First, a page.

I'm clearing out my closets. Trying to sort the wheat from the chaff. Trying to lighten up our load, to dispossess ourselves of some of our excess possessions, the clutter that that has taken over our lives.
I could claim it's the children and all their attendant... things. I could claim it's autism, citing how long we have to hold onto toys Ethan has long outgrown, because Jake has still not yet grown into them, or is so fondly attached to and revisits from time to time the toys of a much younger child. (Thomas, anyone?)
But this would be a big fat lie.
I have always been this way, surrounded by too much stuff. Not quite ready to be featured on an episode of Hoarders, but not quite NOT either. If there were a show called "They're serious collectors and clutterers but CAN throw out paper and trash and WILL donate outgrown clothes to others who can use them" you could sign me up.
It doesn't help that we live in a small apartment, no longer have a storage space downtown, and both my husband and I have had recent parental deaths land a lifetime of memory-filled THINGS into our laps. What we release now is never coming back. There is no ancestral attic or basement for the detritus of our and their (and our grandparents') lives.
There is just one small, overstuffed apartment, that we also need to live in.
Right now I am coming to terms with the fact that I am unlikely to ever again be the size or shape that I was in my twenties and thirties. And so all the clothes in the back of my closet, the stuff that has survived twenty years of previous purges, has to go.
Even lovely favorites, filled with memories... I bought that shirt at my first Sundance Festival... I used to go clubbing in the 80s in that crushed velvet jacket... that's the sundress I wore when I met my husband on Memorial Day weekend at Fire Island, fourteen years ago...
It's too much to hang onto.
And yet.. and yet... there's one dress I cannot part with.
The green velvet dress I wore to Thanksgiving, 2001.
My parents were in town. We were at my in-laws. And I was in a foul, foul, horrible mood. Just despondent.
You see, I had done a terrible thing that morning, had cheated and taken a home pregnancy test. Even though it was still days before it would be accurate. Even though we had been admonished, in no uncertain terms, to NOT DO THAT by the fertility clinic. We were just 23 days into our IVF cycle, a week and a day since the embryo transfer. Too. damn. soon.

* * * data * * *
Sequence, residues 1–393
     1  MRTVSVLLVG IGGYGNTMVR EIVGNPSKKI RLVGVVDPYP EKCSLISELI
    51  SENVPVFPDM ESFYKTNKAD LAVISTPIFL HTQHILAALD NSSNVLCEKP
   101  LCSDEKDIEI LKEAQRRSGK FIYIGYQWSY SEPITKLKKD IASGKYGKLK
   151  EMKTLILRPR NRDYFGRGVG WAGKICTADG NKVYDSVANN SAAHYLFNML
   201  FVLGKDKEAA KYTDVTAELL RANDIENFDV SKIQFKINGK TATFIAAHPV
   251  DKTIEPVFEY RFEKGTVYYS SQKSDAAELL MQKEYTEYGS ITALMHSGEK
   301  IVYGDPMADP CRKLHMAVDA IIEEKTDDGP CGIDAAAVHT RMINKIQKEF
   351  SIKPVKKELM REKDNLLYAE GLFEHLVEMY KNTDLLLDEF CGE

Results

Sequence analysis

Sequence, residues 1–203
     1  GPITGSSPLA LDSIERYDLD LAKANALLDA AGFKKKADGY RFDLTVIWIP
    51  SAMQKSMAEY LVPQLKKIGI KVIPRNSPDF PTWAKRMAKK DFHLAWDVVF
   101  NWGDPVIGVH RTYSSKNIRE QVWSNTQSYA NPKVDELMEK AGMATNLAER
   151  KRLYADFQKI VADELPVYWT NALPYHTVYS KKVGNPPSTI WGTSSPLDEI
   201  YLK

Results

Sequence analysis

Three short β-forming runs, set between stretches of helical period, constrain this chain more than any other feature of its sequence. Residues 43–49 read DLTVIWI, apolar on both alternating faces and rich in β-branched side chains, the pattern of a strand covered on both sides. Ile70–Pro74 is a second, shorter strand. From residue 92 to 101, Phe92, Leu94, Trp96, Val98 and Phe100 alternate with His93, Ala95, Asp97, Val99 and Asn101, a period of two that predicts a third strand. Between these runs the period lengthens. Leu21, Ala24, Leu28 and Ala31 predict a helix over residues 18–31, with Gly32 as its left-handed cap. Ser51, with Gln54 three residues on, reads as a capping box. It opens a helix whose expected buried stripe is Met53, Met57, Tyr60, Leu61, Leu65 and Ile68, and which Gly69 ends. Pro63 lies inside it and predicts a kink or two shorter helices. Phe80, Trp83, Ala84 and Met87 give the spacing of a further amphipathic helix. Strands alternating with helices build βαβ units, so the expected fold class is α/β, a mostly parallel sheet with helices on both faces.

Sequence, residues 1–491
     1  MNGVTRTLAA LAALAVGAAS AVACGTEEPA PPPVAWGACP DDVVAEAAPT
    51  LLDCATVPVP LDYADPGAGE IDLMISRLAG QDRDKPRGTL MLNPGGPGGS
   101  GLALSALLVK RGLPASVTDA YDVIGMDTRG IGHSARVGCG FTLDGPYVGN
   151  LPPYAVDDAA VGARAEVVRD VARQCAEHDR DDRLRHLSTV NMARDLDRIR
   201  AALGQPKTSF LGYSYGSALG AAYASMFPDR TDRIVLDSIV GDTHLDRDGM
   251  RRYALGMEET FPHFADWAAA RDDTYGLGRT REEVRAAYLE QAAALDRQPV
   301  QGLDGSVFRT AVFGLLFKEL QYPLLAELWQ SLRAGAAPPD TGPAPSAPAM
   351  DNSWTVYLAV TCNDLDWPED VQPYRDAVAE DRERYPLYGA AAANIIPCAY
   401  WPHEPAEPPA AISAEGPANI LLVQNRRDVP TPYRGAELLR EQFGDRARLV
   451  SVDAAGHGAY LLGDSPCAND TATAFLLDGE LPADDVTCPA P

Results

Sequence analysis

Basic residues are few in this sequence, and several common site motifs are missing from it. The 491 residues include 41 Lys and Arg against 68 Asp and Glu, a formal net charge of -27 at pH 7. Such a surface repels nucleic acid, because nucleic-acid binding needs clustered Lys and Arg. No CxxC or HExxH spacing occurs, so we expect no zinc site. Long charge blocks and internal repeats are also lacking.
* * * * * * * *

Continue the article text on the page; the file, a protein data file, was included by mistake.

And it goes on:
But the box of pee sticks in the bathroom cabinet had sung their siren song of temptation to me that morning. I had been feeling so pregnant, surely there would be confirmation on a stick.
Really, I had been floating on the air of rising expectations for days. There had been signs and portents that yes, the IVF was successful.
And then that Thursday, Thanksgiving morning, I was just plummeted into the black pit of despair. Once more, a lone pink line on the pee-stick.
I lay on the sofa moaning and groaning, in mourning. I barely roused myself in time to shower and dress for Thanksgiving dinner across town. But I made sure to throw on a beloved dress that I always felt good in: the crushed green velvet.
That year, unlike the one just past, I was not spending Thanksgiving with my beloved cousins, but with my husband's family - who I am thoroughly fond of, but much less intimate with, so I couldn't really talk about what was going on.
I didn't even tell my husband what I'd done, as it was so against the rules and I didn't want to admit to being bad, bad, bad. Explaining my mood, I just mumbled something about having an ominous feeling, and that I was starting to think that maybe the IVF hadn't been successful.
I managed to eat my dinner and engage in some minimal, polite conversation. But then right afterward I withdrew and joined my elderly father in the living room as he was taking his traditional post-turkey sofa nap. I don't think I even got up for dessert, feeling thoroughly rotten, thinking to sleep off my funk.
So why would I possibly be nostalgic about this dress then, commemorating such a dreadful day?
Because two days later, on Saturday morning I peed on another stick and saw the most beautiful sight in the world: two pink lines, one fainter than the other but definitely, undeniably, there.
I was pregnant.
Very, in fact.
(yes, the twins)
And suddenly Thanksgiving Day was cast in a whole new light...
My mood swings, sudden despondency, near hysterics? Clearly a sign that the pregnancy hormones were starting to kick in, big time.
My need to nap after dinner? That the intense first trimester exhaustion had likewise begun.
So the dress, to me now, has magical qualities, evoking the beginning of my noticeable pregnancy. I'm keeping it. If I can wear it again someday, so much the better (green has always been a good color on me).
But until then? It's going in a box, alongside a photograph of five two-day-old embryos, a pair of tiny blue hospital bracelets with "Baby A" and "Baby B" on them. And a little white plastic stick with two pink lines on it.
What? You didn't think I could throw THAT out, did you?